The chief executive of an ambulance trust has announced his resignation after just over three years in the NHS.
Will Warrender joined South Western Ambulance Service Foundation Trust in June 2020 after a career in the Royal Navy. In a message to staff yesterday, seen by HSJ, he said he had decided it was the “right time…to explore new opportunities”.
He said he was giving early notice to the trust to allow time to recruit an interim chief before a search for a substantive replacement, but did not state a departure date.
“We have been on an extraordinary journey during this time and I am so proud of the way we have handled the impact and aftermath of the covid pandemic, alongside other pressures facing urgent and emergency care in the South West,” he said,
“I feel it is now the right time for me to move on and hand over the reins to my successor to lead the organisation through the next chapter of its development.”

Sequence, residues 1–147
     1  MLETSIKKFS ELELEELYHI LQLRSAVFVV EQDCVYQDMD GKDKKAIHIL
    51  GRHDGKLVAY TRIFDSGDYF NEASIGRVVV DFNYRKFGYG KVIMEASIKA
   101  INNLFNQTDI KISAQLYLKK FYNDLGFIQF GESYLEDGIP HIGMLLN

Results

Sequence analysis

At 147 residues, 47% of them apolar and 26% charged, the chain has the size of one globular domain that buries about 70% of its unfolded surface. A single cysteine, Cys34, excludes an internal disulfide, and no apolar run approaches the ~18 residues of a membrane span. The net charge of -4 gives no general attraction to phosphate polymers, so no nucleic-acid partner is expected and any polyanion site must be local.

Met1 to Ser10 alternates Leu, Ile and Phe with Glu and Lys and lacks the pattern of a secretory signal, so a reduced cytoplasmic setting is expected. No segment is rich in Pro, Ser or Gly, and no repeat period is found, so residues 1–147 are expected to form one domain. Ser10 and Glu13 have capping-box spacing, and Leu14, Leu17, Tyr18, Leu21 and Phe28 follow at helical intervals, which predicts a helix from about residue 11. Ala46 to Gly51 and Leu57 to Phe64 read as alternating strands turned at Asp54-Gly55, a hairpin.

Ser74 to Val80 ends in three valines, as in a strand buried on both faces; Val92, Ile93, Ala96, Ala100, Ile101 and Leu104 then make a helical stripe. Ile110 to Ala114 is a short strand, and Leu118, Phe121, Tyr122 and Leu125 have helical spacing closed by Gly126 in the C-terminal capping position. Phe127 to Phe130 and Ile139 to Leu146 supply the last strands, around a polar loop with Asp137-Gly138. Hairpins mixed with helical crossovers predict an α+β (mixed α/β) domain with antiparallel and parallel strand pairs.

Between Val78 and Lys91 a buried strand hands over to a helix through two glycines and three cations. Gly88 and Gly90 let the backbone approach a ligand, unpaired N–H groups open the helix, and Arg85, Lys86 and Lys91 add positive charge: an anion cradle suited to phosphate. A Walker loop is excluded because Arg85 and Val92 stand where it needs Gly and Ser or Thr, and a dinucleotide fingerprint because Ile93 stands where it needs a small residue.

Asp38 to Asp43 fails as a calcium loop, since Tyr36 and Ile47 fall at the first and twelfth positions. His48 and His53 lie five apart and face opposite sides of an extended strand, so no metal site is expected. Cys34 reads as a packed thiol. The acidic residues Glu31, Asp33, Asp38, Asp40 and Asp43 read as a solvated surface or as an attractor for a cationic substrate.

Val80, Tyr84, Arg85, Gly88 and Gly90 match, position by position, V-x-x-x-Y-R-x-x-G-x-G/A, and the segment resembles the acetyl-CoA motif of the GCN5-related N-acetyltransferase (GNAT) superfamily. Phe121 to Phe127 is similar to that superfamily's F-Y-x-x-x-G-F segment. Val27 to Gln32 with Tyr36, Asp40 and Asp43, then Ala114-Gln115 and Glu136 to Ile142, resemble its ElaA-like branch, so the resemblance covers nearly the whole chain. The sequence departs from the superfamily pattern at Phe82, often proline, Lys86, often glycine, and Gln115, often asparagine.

Chair Stephen Otter thanked him for his dedication to public service and his contribution to the trust “during the most challenging time for the NHS and ambulance services in particular”.
The South West has suffered severe ambulance performance problems even worse than the rest of England in recent years, with a particularly steep drop since winter 2021-22, although much of it has been laid at the door of accident and emergency handover delays. Heart attack victims in Cornwall were facing waits of around 200 minutes in mid-2022 with category 2 performance across the whole region hitting two hours in April 2022.
A Care Quality Commission report on the Cornish urgent and emergency care system highlighted dozens of patients who died or suffered “severe harm” after long waits for ambulances.
Mr Warrender, 54, spent more than 30 years in the Royal Navy, leaving as a rear admiral. He had commanded several warships and also served as assistant head of UK military operations at the Ministry of Defence and commander of the UK Maritime Component in the Persian Gulf before taking charge of operational standards and training.